A Work in Progress.

I finished college almost eight months ago. Somedays that feels like a life time and somedays it does not. I still feel a strange sensation when my lips form the ‘no’ after being asked if I have a student card in shops. I feel like I should still have that right. By all intents and purposes some days I still feel like a card-carrying member of the student population.

I think interning perpetuates this feeling. As interns, we are constantly being reminded of our place in the world—ie the very bottom of a muddy pile—and how little we know, how much we have yet to grow. While knowing ‘out place’ is important it can also be a challenge after the high of graduation, where everyone sings your praises and sends cheery salutations. Internships can we wonderful, valuable, enriching periods of time and they can also be frustrating, degrading and menial. While we can hope to gain, wish for, and seek the former, a mix of both is more common in my experience. 

Moving to America less than a year after my cousin died and my niece was born and finishing college and having strangers move into my family home wasn’t a good idea. I know that now. It was too much, too fast, and too emotional. Now we are here and we can only go forward, we cannot go back.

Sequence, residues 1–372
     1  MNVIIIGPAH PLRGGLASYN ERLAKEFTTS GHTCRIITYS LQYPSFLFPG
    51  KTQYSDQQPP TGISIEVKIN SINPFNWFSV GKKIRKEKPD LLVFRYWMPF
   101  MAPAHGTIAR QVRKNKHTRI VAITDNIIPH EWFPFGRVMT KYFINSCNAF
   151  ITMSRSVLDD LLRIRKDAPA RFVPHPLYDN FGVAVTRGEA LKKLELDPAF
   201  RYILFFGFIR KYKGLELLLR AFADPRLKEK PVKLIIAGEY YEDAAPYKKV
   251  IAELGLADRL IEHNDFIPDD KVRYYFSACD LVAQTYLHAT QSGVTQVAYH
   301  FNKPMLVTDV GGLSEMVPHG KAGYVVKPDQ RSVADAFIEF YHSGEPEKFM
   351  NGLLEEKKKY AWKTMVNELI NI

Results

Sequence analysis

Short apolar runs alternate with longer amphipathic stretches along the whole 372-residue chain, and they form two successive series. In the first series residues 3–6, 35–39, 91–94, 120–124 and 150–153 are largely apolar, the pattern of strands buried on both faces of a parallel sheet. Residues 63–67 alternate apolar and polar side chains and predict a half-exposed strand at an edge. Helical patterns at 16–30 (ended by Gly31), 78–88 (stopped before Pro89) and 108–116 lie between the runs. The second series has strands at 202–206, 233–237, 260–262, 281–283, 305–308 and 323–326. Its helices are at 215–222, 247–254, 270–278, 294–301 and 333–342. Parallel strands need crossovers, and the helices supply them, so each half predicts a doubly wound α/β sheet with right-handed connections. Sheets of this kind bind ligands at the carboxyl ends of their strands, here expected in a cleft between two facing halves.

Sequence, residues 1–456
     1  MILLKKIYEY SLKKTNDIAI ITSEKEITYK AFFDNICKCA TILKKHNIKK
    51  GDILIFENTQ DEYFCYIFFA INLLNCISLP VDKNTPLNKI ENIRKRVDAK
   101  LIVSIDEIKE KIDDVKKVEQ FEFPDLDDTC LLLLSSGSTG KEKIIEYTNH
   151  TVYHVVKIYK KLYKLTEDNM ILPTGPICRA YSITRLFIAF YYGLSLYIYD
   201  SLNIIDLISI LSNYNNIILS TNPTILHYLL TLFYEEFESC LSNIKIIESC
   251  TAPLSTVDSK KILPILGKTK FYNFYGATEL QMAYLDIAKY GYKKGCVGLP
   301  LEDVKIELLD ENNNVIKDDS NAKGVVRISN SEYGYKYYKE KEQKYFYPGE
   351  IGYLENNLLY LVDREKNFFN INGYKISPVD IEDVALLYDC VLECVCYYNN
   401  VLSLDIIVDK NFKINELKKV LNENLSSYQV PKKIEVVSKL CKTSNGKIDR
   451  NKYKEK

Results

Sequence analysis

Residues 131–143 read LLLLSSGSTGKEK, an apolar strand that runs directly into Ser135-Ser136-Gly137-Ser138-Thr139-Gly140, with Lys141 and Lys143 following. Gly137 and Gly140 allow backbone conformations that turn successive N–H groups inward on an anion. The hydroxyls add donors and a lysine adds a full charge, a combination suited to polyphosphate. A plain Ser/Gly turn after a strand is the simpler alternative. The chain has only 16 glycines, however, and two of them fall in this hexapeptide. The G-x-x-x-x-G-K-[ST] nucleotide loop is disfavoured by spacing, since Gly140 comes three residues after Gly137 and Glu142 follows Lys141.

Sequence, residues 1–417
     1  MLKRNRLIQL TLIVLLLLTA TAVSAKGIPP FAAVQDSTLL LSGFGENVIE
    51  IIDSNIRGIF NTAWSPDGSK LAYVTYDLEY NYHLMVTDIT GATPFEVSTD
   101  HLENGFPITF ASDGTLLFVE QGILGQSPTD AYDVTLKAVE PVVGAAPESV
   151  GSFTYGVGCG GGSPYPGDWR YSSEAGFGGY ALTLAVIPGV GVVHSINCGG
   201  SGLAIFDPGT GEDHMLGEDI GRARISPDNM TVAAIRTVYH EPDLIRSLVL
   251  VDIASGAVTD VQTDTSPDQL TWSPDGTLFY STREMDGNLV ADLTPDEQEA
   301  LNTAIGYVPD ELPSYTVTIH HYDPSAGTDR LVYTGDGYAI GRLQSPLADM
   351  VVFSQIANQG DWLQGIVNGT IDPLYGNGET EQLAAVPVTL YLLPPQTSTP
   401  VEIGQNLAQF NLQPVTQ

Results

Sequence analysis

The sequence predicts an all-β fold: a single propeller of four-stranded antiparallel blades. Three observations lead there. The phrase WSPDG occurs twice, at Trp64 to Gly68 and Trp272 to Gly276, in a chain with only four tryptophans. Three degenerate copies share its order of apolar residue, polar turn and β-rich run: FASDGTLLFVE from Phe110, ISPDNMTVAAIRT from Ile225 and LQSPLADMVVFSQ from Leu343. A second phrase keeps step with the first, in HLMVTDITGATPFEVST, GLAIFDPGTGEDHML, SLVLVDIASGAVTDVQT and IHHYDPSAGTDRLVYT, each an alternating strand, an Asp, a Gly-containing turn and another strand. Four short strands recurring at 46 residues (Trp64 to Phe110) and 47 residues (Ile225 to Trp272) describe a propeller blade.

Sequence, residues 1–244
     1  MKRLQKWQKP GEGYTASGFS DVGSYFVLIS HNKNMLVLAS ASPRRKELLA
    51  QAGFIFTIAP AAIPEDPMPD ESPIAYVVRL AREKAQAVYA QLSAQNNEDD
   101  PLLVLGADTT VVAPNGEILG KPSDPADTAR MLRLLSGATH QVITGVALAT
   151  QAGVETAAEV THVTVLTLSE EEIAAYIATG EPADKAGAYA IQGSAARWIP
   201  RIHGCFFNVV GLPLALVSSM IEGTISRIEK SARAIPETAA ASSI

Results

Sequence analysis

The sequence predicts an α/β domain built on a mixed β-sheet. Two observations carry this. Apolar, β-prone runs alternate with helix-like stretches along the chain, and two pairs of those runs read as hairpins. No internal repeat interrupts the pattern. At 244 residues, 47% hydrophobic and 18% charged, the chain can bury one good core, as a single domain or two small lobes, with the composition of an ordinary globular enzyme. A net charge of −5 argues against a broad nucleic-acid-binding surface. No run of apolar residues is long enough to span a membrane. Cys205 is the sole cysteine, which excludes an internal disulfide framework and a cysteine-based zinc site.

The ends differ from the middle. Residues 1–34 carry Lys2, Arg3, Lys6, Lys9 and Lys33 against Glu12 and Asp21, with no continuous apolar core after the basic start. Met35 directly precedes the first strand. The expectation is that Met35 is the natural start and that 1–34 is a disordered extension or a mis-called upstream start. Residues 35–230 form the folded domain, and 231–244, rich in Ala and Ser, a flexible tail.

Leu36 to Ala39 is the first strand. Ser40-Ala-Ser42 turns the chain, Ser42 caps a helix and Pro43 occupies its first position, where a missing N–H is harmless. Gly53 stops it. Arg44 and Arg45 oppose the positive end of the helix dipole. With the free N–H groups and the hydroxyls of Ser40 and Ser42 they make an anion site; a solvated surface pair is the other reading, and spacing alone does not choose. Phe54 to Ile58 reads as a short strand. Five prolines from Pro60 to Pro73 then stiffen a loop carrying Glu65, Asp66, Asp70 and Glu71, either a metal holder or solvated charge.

We are making the most of it. Some days making the most of it is staying in and watching hours of Friends reruns on Netflix. Sometimes making the most of it is hopping in the car for a much needed day trip to the sun. Sometimes making the most of it is crying when you get in the door from work in the evening. It is all living and it is all progress. 

I am letting go of my expectations, hopes and plans for this year and really exploring what it is to simply be here. For example, when I first started feeling lonely, I immediately felt a desperate need to fix that feeling. I asked myself questions and worried and stressed about finding friends and ridding myself of this horrible emotion. Now I recognise that sometimes I will feel lonely. It makes sense to feel lonely because I don’t have friends here like I have at home. I recognise that loneliness and say to myself ‘so this is loneliness, it’s not so bad.’ And it is ok. For the most part the emotion moves on and I feel something else. I am no longer feeling tethered to the weight of passing feelings. I have gained perspective.  

Rich and I joke that we are on the accelerated learning path to adulthood. I can feel myself growing here. It hurts sometimes., growing pains do—they leave no mark and will most likely be forgotten, but in the moment they are a reminder that we are all a work in progress.